After touring around other websites as well as Twitter-scape, Umari Ayim, the award-winning author will round up her book tour here on TNC. Her new book, Guardian of the Fall, has been receiving rave reviews and it’s only fitting that she gives the TNC community a taste of her excellent writing. So being the last day of her book tour, Umari has been generous enough to give us a copy of the book to bestow upon a lucky winner. Well, all you have to do is listen to the author’s book reading (or read the transcript) and share your thoughts in the comments section or ask the author any related question. It’s quite simple really. Umari will be here to respond to all commenters.
Before we delve into the reading proper, you might be wondering – who’s Umari Ayim?
Umari Ayim is a lawyer, writer and poet. Umari has always had a passion for writing since she was a little girl living in the bustling city of Lagos. As a member of the Literary and Debating Society of her secondary school, Umari served as the director of poetry and also wrote stage plays for the society. Her first book, a novel, ‘Twilight at Terracotta Indigo’ won the ANA/NDDC Flora Nwapa Prize for Women Writing in 2011. Her second book, a collection of poems titled ‘Inside My Head’ won the ANA Poetry Prize the following year in 2012. As a social commentator and gender activist, Umari has also published several articles published in both traditional and online media platforms.
As for the book, Guardian of the Fall, well:
The story is spun around the Guardian, the eponymous character, and keeper of a picturesque forest and waterfall in Agbokim village, in Cross River State, Nigeria. The Guardian is a force, a deity of some sort, which exhibits formidable powers, including shape shifting (appearing as a child, an old woman, an owl, a snake, a satyr-like creature, and a goat with a baby’s face). It attempts to match make its messenger, Erom, with Ken, a developer who wants to build a resort near the falls. Erom, with no say in the matter, is chosen, as a messenger of the Guardian; Ken’s parents decide his profession, university, where he’ll work and even the day he should start work; and the Guardian, through dreams and visions, essentially pulls Erom and Ken together, which, upon introspection, asks the philosophical question – how real and true is human love if it is predestined and fated by the gods? From the Kikuyu creation story, to the subtle painting of Omom as almost an allegory to Jesus, faith in the supernatural is also big in the novel.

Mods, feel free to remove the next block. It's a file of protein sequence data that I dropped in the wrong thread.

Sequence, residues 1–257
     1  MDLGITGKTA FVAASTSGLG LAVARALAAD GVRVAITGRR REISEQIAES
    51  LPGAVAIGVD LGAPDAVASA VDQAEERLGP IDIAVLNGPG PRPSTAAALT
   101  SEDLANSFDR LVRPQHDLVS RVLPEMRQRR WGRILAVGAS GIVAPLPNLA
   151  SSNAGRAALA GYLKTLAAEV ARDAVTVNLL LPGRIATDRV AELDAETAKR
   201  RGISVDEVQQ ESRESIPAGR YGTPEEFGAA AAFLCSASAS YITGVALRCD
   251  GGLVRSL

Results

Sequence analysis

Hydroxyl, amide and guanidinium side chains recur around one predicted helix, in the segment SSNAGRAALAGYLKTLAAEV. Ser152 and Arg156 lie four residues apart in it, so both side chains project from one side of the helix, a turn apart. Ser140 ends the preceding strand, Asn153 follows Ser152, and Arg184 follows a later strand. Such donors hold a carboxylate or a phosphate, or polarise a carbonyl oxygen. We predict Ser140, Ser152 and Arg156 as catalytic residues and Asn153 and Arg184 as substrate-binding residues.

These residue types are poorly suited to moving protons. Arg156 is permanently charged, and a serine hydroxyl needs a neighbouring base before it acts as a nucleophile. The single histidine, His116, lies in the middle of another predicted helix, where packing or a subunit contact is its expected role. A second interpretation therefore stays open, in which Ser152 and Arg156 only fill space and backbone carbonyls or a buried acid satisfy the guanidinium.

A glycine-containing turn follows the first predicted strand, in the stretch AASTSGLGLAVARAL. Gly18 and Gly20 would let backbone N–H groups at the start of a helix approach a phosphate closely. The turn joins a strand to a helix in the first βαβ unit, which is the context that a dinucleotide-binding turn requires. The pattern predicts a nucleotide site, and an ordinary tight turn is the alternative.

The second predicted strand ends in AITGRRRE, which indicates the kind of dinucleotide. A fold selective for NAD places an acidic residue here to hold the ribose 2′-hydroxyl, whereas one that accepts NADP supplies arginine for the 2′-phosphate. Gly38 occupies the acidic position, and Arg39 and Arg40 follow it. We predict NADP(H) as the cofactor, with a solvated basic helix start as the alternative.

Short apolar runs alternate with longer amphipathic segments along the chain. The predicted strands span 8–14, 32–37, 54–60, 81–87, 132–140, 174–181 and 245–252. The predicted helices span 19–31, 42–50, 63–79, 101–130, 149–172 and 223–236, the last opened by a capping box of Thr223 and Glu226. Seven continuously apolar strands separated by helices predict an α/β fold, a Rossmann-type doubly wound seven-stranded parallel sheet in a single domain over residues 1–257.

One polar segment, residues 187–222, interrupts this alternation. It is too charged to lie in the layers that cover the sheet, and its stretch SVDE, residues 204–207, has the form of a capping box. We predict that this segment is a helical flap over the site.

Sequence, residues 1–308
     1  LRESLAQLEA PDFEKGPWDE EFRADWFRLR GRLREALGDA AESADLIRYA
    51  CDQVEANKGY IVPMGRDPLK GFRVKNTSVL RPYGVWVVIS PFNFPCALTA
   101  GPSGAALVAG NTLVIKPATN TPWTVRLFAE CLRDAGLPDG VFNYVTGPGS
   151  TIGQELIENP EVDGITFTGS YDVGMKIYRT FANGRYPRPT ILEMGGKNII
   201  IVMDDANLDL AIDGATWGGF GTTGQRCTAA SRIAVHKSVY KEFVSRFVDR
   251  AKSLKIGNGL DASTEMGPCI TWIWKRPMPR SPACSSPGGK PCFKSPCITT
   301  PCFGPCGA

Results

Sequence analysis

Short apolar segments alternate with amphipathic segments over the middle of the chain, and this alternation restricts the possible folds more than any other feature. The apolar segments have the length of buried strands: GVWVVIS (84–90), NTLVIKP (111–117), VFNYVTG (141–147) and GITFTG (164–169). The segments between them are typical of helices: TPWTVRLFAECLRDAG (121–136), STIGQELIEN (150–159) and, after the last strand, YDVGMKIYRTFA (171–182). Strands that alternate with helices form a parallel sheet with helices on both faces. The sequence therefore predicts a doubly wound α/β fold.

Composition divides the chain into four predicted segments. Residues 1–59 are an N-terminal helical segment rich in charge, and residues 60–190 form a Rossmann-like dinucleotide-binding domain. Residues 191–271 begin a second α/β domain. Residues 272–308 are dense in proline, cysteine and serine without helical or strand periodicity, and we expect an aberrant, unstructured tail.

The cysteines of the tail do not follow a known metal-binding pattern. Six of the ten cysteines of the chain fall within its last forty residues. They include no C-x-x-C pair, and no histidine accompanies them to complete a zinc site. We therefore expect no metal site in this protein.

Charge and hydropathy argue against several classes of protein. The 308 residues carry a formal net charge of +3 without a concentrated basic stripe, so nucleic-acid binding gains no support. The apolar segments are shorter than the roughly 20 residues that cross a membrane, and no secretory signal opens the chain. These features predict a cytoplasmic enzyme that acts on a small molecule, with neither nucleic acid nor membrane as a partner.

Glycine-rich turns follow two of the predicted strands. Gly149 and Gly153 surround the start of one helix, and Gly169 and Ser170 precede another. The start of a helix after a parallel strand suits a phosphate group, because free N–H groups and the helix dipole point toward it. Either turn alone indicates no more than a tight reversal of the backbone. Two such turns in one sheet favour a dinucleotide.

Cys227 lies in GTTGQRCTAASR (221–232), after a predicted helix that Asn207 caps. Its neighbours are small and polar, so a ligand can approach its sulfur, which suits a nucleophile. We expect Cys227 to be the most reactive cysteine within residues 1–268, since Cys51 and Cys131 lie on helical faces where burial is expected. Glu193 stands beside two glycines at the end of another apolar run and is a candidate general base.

So, let’s get to it.
* * * * *
Ken walked back into his room with the envelope. He was grateful for the dedication of the men working with him. They were just as excited as he was at the prospect of seeing the resort being transformed from a mere image to a place that people could visit. That evening he had briefed his father about the progress they were making. His father had been pleased, but told him that he expected more. For the first time, Ken did not mind meeting his father’s high standards. Working to build a resort in the company of a woman he found attractive made the demands worth it.
“I’ll do my best Dad.” He had promised before they said their goodbyes.
He returned to his room with the large manila envelope holding the photographs Andrew had taken at the fall. Dumping them on the bed, he walked to the bathroom where the hot water faucet squeaked and hissed loudly when he turned it. Resigning himself to fate, he rushed through a cold shower with gritted teeth. Back in the room, he prepared to sleep, already looking forward to the next day. He had one more day in the village before heading back to Calabar to bring back more workers to clear the land. Before then, he wanted to learn more about the forest and waterfall.